About that ‘paying for music or getting it for free’ thing, though. Libin has regularly talked about the idea of making Evernote’s basic tier so good that people want to pay for more features, rather than trying to nudge them into upgrades with restrictions and annoyances.
Is that something Spotify and its licensors can learn from? Before addressing that, Libin had a complaint. “There’s one thing that a lot of the music services do which i think is really wrong and weird: it’s the pay-to-remove-advertising model. I can’t understand what those meetings are like [to decide that strategy],” he said.
“I use Pandora: I pay for it, and I’m very happy with it. I can’t imagine how Pandora goes to advertisers and says ‘you should advertise on our network because we have high-quality users, and these are the demographics and they make this much money, and advertising in Pandora is the best representation for your brand, it will really make you seem high-quality!’ and then they go to users and go ‘pay us five bucks and we won’t subject you to this garbage!’”
“It’s incomprehensibly non-sustainable. You’re either massively disrespecting the advertisers, or you’re massively disrespecting the users. I really love Pandora, but I would NEVER advertise Evernote on Pandora. By definition why would we do that if they’re telling people that our brand is something that people should pay to get rid of?”
Libin said he’d be relaxed if he was presented with restrictions on a streaming music service – for example only being able to listen to songs a certain number of times for free – but outlined Evernote’s approach to upselling from free to paid.
“Of course, the paid version should be better than the free version to some extent, but how do you say what should be free and what should be paid – and what do you optimise for? For us, it’s very straightforward: we’re optimising for retention and for getting more users into it,” he said.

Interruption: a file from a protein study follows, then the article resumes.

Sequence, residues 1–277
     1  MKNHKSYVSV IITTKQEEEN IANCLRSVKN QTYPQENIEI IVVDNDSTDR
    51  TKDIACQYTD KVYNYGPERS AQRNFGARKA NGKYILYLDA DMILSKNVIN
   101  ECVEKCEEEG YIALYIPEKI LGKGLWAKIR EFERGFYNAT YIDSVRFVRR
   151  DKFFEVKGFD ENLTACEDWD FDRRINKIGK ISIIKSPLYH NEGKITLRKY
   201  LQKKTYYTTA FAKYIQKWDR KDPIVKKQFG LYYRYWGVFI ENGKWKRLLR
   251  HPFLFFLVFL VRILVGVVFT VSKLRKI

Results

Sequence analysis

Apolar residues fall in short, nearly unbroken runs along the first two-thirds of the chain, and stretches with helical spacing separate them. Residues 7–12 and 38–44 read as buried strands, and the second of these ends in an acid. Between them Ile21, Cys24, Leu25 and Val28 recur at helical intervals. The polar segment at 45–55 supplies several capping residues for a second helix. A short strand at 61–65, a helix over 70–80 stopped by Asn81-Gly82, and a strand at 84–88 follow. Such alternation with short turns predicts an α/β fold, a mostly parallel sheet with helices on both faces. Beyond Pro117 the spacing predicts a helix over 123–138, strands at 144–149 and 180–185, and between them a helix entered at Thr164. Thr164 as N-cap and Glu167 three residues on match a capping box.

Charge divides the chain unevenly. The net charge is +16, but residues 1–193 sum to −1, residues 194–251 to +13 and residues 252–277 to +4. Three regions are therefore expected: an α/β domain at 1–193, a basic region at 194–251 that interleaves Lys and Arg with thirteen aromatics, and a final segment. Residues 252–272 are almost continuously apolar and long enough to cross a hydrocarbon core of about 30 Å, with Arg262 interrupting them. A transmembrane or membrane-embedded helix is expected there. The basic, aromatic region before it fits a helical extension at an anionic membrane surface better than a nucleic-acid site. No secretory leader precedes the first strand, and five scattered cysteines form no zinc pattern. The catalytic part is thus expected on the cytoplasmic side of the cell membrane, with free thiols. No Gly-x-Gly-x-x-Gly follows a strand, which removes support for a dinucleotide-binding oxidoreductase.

“Anything that improves retention or gets you to add more users ought to be free because it ought to go to the greatest number of people. Things that don’t do that – features that power users want – it’s okay to charge for those. But we’re not religious about that. We can shift features around all we want, as long as we’re clear about what we’re optimising for.”
Interesting, perhaps, in the light of Spotify’s moves to add shortform video to its service as part of the free tier – certainly something that could improve retention or attract new users if it’s done well.
“The goal of the free version of Evernote isn’t to get you to try it: it’s to get you to stay. And that only works for us because we have such good, long-term retention. If I was a video game that people download and only play for a couple of weeks, I look at you as a player and think ‘I only have a week to make money out of you’. Then the goal is to get you to pay,” said Libin.
“At Evernote, I look at you and think ‘well, I’ve got the rest of your life to make money from you’, so then the goal of the free version becomes ‘prolong the life, and maximise my opportunity to sell you other useful stuff later’. What we’re doing isn’t morally superior to what the video game is doing: it just happens to line up that way. But that’s because we spent a lot of time when we started the company lining it up like that.”